Giulio Cesare in Egitto
~HWV 17~

DG/Archiv CD 474 210-2
3 CDs
full price
Recorded live in 2002.
Released in 2003.

Giulio Cesare: Marijana Mijanović, mezzo-soprano
Cleopatra: Magdalena Kožená, soprano
Sesto: Anne Sofie von Otter
Cornelia: Charlotte Hellekant, mezzo-soprano
Tolomeo: Bejun Mehta, countertenor
Achilla: Alan Ewing, bass
Nireno: Pascal Bertin
Curio: Jean-Michael Ankaoua

Orchestre et Choeurs des Musiciens du Louvre-Grenoble (on period instruments)
Conductor: Marc Minkowski




Habent sua fata libelli1 – this must be true for recordings as much as for books, otherwise one may wonder how Minkowski could succeed to assemble such a cast of distinguished operatic stars just to lead them astray, or better let them free to produce a non-descript, mediocre and dramatically insensitive Giulio Cesare. While making substantial efforts to polish his conducting from every questionable radicality – thus attaining the respectable status of a timeless hyperbaroque master that he and others may have constructed for Handel – he smoothes the tempi, adds pomp and panache whenever possible, designs spectacular cadenzas or elaborate da capos. Yet, in doing so, he looses grasp of the whole, so that most of his singers proceed along their individual paths of historically uninformed zest for effect, mannerism, and generic bathos.

The result is sometimes appalling, as in the case of Alan Ewing, whose Achilla falls within the boundaries of unintentional humour throughout, and sometimes puzzling. The singer that really annoyed me was Charlotte Hellekant as Cornelia – why can't she sing through a phrase properly? Her stuttered and vibrato-sozzled "Priva son" is really awful, yet the orchestral accompaniment and Minkowski's pacing is really nicely done (although it is strange that here, and elsewhere, you can't hear the flute very clearly). Hellekant is also poor in "Son nata a lagrimar", in which I think Minkowski ought to have kept the music flowing a little bit more freely. It gets bogged down, and, when mixed with Hellekant's talent for making sure every note is contrived and separated from Handel's musical line, it is a recipe for disaster! Mijanović is always just under the note and as if she isn't really sure about what she is doing, an irresolute Cesare if any. Although her lower register is pleasant and she does various things acceptably, her "Alma del gran Pompeo" is very poorly sung, her “Va tacito” turns blurred, heading nowhere, in the da capo, and her “Empio dirò tu sei” appears marred by scarce fluency in Italian. Unfortunately, also von Otter’s once glorious mezzo colour sounds worn-out and utterly improbable for Sesto, which spoils the dramatic relevance of the character.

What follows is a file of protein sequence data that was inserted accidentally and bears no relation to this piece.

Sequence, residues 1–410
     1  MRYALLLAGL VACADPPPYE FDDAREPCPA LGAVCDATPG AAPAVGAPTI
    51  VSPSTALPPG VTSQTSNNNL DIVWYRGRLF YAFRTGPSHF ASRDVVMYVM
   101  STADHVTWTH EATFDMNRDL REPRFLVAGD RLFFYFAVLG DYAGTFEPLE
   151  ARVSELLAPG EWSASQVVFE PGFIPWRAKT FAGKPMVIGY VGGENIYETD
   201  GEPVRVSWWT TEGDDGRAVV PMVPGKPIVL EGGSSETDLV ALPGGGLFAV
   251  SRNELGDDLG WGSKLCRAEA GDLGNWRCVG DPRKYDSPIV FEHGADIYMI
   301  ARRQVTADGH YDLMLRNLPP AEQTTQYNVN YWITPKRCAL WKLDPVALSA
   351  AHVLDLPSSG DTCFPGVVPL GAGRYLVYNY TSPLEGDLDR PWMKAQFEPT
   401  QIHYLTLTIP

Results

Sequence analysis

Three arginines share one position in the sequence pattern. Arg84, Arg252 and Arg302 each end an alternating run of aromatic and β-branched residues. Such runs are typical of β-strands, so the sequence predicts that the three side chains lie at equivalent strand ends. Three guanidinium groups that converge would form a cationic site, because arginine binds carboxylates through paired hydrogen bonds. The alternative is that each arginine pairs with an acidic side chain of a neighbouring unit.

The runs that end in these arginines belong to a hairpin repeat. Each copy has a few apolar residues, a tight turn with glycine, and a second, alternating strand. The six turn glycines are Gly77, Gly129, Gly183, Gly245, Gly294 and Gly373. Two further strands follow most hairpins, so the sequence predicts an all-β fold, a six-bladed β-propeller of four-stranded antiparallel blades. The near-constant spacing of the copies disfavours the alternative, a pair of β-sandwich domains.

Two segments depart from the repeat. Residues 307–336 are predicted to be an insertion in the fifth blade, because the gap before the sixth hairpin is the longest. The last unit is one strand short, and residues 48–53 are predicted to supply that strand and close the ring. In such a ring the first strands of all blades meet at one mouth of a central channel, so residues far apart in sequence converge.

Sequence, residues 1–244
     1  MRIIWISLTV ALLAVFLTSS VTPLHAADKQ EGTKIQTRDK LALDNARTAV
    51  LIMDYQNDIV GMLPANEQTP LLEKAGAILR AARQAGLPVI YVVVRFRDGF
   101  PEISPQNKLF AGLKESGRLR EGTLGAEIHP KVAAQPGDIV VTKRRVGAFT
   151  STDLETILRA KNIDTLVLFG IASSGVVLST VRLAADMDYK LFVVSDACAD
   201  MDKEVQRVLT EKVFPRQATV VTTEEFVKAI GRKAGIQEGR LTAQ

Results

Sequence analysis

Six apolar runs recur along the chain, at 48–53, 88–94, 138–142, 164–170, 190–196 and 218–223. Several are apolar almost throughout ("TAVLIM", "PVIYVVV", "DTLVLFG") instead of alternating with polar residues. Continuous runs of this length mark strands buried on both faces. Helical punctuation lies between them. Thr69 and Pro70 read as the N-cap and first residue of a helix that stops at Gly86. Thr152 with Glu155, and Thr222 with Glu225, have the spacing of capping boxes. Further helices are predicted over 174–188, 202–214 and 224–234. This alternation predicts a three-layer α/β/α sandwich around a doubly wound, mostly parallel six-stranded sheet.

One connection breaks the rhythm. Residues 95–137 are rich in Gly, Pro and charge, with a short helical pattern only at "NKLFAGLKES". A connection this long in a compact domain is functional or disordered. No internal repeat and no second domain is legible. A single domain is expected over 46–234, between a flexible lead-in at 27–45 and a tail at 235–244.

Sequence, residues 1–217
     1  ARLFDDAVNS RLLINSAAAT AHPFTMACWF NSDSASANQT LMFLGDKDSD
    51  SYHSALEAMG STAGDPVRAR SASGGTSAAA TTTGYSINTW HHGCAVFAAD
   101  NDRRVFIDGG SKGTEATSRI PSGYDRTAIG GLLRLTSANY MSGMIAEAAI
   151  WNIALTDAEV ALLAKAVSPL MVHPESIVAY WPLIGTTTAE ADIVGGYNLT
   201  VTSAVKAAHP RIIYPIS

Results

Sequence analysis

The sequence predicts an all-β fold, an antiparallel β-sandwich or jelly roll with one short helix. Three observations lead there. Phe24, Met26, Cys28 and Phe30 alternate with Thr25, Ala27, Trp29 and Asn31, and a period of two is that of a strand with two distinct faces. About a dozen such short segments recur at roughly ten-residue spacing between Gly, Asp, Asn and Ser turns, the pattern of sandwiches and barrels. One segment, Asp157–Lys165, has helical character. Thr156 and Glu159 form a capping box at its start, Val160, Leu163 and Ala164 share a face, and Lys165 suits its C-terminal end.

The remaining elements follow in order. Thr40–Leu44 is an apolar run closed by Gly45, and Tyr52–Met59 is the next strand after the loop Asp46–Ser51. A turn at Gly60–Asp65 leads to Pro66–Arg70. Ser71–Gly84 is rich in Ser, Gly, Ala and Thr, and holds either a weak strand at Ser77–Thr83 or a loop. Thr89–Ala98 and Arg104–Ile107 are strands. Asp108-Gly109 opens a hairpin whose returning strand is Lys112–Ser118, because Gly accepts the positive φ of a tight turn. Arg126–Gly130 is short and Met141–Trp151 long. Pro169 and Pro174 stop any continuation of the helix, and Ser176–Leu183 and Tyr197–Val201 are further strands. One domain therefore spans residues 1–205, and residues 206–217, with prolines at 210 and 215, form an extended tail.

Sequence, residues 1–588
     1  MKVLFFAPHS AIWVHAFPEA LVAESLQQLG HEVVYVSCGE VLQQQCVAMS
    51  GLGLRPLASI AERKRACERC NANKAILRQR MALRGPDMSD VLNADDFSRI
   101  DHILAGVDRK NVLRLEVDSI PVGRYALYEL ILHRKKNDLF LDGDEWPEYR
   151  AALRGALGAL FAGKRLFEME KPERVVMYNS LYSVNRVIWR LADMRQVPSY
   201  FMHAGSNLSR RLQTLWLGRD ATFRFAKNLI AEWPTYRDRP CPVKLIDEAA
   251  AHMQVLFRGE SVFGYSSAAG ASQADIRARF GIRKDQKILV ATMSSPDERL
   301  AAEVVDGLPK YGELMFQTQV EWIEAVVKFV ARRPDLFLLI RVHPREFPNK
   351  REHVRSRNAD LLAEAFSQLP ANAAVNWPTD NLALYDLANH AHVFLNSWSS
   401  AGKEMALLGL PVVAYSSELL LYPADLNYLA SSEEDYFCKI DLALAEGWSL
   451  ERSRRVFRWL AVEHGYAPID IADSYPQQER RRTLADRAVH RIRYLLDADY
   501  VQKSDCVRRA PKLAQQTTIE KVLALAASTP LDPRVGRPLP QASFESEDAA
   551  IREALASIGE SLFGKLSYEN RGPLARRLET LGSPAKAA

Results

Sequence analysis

Though arguably miscast as Cleopatra, high mezzo Magdalena Kožená is up to her usual high standards and gets the best of it in the grand final sequence “Se pietà”, “Piangerò la sorte ria” and “Da tempeste”; it’s only a pity that Cleopatra's virtuosic, if a bit light-hearted, aria "Tu la mia stella sei" in Act I was left out unaware from this quasi-complete live recording. As Tolomeo, Bejun Mehta deserves an honourable mention, too: both his arie di sdegno “L’empio, sleale” and “Sì, spietata” are paragons of acrobatic coloratura at breath-taking tempo.

All in all, it looks like as if Minkowski has suffered from unfair criticism to his previous Handel recordings, and that he has consequently taken a reactionary course that has lead him, at best, to become a Hogwood clone. No, thanks; enough of that. Give us back the old unreasonable, whimsical, energetic French maestro we used to appreciate (or maybe the opposite – at least one could not feel neutral about this work). In any case, we ought to have experienced a distinct performer’s personality, not just another glossy beefcake for the latest Archiv marketing line.

1 Roughly translates as ‘Books have their fate’ (Ed.)

© Carlo Vitali - September 2003

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